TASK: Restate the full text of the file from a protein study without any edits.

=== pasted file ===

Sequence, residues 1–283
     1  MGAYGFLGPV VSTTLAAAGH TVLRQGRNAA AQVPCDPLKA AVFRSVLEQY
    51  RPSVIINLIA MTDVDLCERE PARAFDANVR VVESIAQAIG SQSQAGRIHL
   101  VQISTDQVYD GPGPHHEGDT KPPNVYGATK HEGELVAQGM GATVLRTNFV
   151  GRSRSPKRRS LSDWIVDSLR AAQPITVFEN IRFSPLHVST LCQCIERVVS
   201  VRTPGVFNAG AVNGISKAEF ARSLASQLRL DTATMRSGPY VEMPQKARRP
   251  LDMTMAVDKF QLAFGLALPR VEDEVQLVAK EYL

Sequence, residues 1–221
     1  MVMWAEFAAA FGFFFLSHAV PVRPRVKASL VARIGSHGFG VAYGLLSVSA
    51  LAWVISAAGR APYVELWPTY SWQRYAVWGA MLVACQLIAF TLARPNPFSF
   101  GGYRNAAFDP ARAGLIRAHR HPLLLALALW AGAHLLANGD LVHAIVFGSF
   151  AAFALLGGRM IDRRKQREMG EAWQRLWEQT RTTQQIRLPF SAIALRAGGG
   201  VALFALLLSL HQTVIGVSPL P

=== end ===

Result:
Sequence, residues 1–283
     1  MGAYGFLGPV VSTTLAAAGH TVLRQGRNAA AQVPCDPLKA AVFRSVLEQY
    51  RPSVIINLIA MTDVDLCERE PARAFDANVR VVESIAQAIG SQSQAGRIHL
   101  VQISTDQVYD GPGPHHEGDT KPPNVYGATK HEGELVAQGM GATVLRTNFV
   151  GRSRSPKRRS LSDWIVDSLR AAQPITVFEN IRFSPLHVST LCQCIERVVS
   201  VRTPGVFNAG AVNGISKAEF ARSLASQLRL DTATMRSGPY VEMPQKARRP
   251  LDMTMAVDKF QLAFGLALPR VEDEVQLVAK EYL

Sequence, residues 1–221
     1  MVMWAEFAAA FGFFFLSHAV PVRPRVKASL VARIGSHGFG VAYGLLSVSA
    51  LAWVISAAGR APYVELWPTY SWQRYAVWGA MLVACQLIAF TLARPNPFSF
   101  GGYRNAAFDP ARAGLIRAHR HPLLLALALW AGAHLLANGD LVHAIVFGSF
   151  AAFALLGGRM IDRRKQREMG EAWQRLWEQT RTTQQIRLPF SAIALRAGGG
   201  VALFALLLSL HQTVIGVSPL P